A Laconic Tale Told Languidly

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Title: Hell or High Water

Rating: 4 Stars

This is a story of two relationships. One is a pair of brothers, Tanner and Toby. Tanner is the ne’er do well. He rebelled against his father, ‘accidentally’ shooting him, before ultimately being sent away for robbing banks. The other brother, Toby, is the diligent one. He stayed with their mother as she wasted away. As she died, she left behind large debts that will result in the loss of the family range, a range in which oil has been discovered. The bank is just waiting for the loan to foreclose so that they can swoop in and take the land away from the family.

In desperation, Toby hatches a desperate plan to rob just enough banks to get the money to pay off the loans, at which point he’ll create a trust for the ranch and leave it to his now semi-estranged children. He asks Tanner for help, and of course, being the wild one who is always up for madness, Tanner readily agrees.

They begin to rob a series of banks.

The other relationship is between the two Texas rangers sent to pursue them. There is Marcus Hamilton, a long tired detective on the verge of retirement that has no life to look forward to. His partner is Alberto Parker, part Native American and part Mexican. They have a long running relationship that pretty much consists of Hamilton regularly busting Parker’s chops, not the least making regular jokes about his mixed heritage. They do, in a fashion, like and respect each other, although there is a edge to the humor that I believe Parker feels.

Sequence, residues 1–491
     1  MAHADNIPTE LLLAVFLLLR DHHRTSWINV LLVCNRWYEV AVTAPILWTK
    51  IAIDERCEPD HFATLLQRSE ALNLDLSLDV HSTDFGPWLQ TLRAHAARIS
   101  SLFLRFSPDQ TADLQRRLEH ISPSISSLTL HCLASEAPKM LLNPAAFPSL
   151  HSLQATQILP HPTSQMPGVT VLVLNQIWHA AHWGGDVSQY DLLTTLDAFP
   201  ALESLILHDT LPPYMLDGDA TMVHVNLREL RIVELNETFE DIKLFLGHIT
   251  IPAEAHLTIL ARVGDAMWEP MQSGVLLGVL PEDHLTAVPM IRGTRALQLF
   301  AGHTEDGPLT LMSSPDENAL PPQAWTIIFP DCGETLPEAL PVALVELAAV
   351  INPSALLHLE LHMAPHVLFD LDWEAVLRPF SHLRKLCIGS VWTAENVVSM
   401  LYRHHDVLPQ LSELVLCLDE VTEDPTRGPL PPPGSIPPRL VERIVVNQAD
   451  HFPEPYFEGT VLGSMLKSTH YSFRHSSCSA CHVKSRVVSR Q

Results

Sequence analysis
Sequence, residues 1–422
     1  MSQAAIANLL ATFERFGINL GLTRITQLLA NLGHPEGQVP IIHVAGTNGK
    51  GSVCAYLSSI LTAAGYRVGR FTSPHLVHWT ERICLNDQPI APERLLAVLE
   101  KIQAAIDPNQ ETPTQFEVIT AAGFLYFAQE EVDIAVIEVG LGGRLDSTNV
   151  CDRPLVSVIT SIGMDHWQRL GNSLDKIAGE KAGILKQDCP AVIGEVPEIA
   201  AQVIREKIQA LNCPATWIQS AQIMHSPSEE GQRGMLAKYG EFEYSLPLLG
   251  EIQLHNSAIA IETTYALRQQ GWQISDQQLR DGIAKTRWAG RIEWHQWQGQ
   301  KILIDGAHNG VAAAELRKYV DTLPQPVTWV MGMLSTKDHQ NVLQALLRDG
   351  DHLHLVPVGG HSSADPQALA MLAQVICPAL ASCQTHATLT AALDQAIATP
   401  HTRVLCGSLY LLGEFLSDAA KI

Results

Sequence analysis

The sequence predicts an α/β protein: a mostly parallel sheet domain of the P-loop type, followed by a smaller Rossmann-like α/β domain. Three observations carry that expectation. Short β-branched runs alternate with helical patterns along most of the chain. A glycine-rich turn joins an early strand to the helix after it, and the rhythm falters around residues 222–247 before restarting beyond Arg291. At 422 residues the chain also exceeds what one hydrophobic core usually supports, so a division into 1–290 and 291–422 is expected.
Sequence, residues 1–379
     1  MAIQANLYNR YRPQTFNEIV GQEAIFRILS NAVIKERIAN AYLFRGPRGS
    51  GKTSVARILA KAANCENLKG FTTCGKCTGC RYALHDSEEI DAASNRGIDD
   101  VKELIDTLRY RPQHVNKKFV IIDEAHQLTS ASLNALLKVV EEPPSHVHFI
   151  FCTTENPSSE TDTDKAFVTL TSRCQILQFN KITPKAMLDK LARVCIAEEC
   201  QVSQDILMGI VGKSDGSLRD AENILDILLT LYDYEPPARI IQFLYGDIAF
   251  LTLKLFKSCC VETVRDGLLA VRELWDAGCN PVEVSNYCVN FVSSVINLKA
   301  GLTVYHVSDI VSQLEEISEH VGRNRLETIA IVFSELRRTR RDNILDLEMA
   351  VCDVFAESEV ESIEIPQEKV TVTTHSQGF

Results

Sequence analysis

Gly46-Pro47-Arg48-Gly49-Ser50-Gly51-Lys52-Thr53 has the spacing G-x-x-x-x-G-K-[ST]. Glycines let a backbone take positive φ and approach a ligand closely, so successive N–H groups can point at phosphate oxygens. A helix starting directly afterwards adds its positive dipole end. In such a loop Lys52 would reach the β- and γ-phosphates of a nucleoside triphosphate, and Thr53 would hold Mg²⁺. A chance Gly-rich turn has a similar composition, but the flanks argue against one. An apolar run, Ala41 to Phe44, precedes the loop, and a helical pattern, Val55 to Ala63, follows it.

An argument can be made that there is another relationship at play here. It is the relationship of the bank to the community. It’s clear that the bank has been bleeding the people dry for some time. On the long drives in Texas that it takes to get anywhere, multiple signs of hopelessness are seen. Closed businesses, homes for sale, and signs of poverty and despair are seen everywhere. No one has a good word to say of the bank, and when push comes to shove, the people will back their people, the robbers, before they’ll back the bank.

The desolate landscape of that part of Texas reflects this barrenness. The people have no hope, and when they have no hope, desperate actions will result. Toby, clearly a decent man, feels that he has no recourse.

The two rangers, in what could charitably be called a laconic way, pursue the robbers. Ultimately, of course, I’m guessing that it’ll be no spoiler that the bad brother will sacrifice himself to let the good brother perform his act of redemption. And probably in yet another not completely unexpected spoiler, the two protagonists, Toby and Hamilton, will meet in a showdown with at best ambiguous results.

No criminal gets away clean. No law enforcer ever retires. These are pretty trite cliches, but this is such a well done and well acted movie that even if a cliche, it still rings true.

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